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Mkhitaryan v. U.S. Bancorp

United States District Court, D. Nevada

March 12, 2014

SERGEY MKHITARYAN and SUREN MKHITARYAN, Plaintiffs,
v.
U.S. BANCORP, et al., Defendants.

ORDER

JAMES C. MAHAN, District Judge.

Presently before the court is plaintiffs' motion to reconsider or in the alternative for clarification. (Doc. # 201). In that document, plaintiffs included three separate requests for (1) reconsideration/clarification; (2) entry of default; and (3) leave to file for partial summary judgment. ( Id. ). The clerk immediately notified counsel that, pursuant to special order 109, a separate document must be filed for each purpose.

Apparently in response, plaintiffs re-filed the motion and re-titled it as one seeking reconsideration and clarification. (Doc. # 203). Defendants have filed a response (doc. # 210) and plaintiffs have replied (doc. # 212).

To the extent doc. # 203 is duplicative of doc. # 201, the court denies doc. # 201 as moot. If plaintiffs still wish to move for leave to file and for entry of default, they must file separate motions as indicated by the clerk's notice.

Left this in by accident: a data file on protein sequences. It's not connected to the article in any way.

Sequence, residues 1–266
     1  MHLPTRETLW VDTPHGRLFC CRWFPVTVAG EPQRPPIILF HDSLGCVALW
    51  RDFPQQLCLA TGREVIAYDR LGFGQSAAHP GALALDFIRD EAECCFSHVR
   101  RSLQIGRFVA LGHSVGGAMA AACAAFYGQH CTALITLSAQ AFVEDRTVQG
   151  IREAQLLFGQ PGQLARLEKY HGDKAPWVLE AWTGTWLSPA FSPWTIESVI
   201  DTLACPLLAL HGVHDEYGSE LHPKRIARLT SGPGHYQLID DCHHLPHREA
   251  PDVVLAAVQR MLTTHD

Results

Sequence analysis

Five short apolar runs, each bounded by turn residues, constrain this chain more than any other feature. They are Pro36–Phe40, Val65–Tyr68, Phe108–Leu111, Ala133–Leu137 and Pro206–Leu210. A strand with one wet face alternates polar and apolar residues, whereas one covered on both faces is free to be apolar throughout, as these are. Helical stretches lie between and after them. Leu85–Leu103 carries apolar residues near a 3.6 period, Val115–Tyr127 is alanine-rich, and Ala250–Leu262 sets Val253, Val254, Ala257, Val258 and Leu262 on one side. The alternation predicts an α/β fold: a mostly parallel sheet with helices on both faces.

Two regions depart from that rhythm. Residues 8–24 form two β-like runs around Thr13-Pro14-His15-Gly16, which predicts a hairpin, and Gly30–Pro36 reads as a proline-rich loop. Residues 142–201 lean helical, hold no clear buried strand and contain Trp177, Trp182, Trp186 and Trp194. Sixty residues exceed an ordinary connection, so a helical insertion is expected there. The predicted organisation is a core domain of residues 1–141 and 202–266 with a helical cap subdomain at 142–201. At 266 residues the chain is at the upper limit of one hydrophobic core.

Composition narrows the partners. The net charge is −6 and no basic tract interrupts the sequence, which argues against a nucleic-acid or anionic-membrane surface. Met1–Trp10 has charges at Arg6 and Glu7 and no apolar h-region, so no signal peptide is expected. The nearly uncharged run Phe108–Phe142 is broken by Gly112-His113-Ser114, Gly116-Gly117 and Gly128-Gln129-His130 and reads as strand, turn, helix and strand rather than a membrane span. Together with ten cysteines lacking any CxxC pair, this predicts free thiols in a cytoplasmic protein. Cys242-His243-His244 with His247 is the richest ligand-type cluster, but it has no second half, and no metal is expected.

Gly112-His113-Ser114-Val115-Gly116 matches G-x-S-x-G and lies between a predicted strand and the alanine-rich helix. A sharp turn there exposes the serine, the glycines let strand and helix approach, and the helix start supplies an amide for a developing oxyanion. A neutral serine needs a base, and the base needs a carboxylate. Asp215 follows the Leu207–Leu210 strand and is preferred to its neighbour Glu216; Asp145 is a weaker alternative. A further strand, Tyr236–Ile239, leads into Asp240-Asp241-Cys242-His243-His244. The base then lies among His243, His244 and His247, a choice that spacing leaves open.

I. Background

The facts of this case have been extensively detailed in prior orders. ( See, e.g., doc. ## 177, 186). The court briefly highlights only those facts pertinent to the instant motions.

This case involves the repossession of plaintiffs' vehicle by the defendant repo company, Speedy Recovery Inc., and the individual repo agent, Dennis McGee. During discovery, McGee repeatedly failed to comply with his discovery obligations and the magistrate's orders. The magistrate issued a report recommending that McGee's answer be stricken as a sanction for his misconduct. (Doc. # 177). This court thereafter adopted the report and recommendation in its entirety. (Doc. # 186).

Defendants then filed a motion for clarification as to the separate issues of liability and damages. (Doc. # 188). Defendants sought clarification that striking McGee's answer did not affect his ability to defend against compensatory and punitive damages, and that it did not affect Speedy's ability to defend against both liability and damages. ( Id. ).

Prior to plaintiffs' response deadline, the court granted that motion. (Doc. # 190). The court clarified that "defendant McGee may defend himself against damages only, " relying on In re USA Commer. Mortg. Co., 2010 U.S. Dist. LEXIS 127433 (D. Nev. Nov. 12, 2010). The court further clarified that "the sanctions entered against McGee do not affect the ability of defendant Speedy to defend itself against both liability and damages."